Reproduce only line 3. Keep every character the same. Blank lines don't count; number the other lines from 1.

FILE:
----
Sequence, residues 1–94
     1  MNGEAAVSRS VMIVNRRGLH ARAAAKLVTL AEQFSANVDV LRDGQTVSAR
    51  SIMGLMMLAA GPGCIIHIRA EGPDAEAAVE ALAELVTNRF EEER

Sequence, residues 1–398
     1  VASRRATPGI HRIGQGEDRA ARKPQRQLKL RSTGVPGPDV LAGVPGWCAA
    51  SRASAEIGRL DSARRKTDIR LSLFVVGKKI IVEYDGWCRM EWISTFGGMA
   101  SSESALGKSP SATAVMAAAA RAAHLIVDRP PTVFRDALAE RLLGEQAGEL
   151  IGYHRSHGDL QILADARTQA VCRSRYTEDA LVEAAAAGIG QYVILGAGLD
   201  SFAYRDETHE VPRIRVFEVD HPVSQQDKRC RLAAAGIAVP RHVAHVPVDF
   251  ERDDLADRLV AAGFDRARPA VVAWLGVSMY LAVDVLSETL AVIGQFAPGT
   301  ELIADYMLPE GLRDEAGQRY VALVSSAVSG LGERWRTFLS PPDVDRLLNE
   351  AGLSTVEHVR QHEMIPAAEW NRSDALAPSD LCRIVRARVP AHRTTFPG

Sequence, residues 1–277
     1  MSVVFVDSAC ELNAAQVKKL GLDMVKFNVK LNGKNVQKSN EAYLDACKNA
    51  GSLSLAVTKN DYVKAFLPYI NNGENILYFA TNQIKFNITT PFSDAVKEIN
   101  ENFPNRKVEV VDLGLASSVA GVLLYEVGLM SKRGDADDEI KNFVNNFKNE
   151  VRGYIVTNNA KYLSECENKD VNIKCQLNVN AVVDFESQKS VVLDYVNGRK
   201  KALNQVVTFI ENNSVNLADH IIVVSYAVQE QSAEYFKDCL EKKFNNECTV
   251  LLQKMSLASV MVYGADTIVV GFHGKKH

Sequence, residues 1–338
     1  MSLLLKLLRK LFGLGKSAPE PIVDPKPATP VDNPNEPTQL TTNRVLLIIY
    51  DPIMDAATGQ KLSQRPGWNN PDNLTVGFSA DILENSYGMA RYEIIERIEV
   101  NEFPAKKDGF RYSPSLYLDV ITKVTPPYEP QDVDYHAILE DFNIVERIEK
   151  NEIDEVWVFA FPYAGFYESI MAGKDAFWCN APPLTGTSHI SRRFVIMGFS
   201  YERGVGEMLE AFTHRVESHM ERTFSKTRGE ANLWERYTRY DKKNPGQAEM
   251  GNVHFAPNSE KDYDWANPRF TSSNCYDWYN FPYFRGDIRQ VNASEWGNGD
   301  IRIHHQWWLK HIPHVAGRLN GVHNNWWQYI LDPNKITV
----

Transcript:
    51  SIMGLMMLAA GPGCIIHIRA EGPDAEAAVE ALAELVTNRF EEER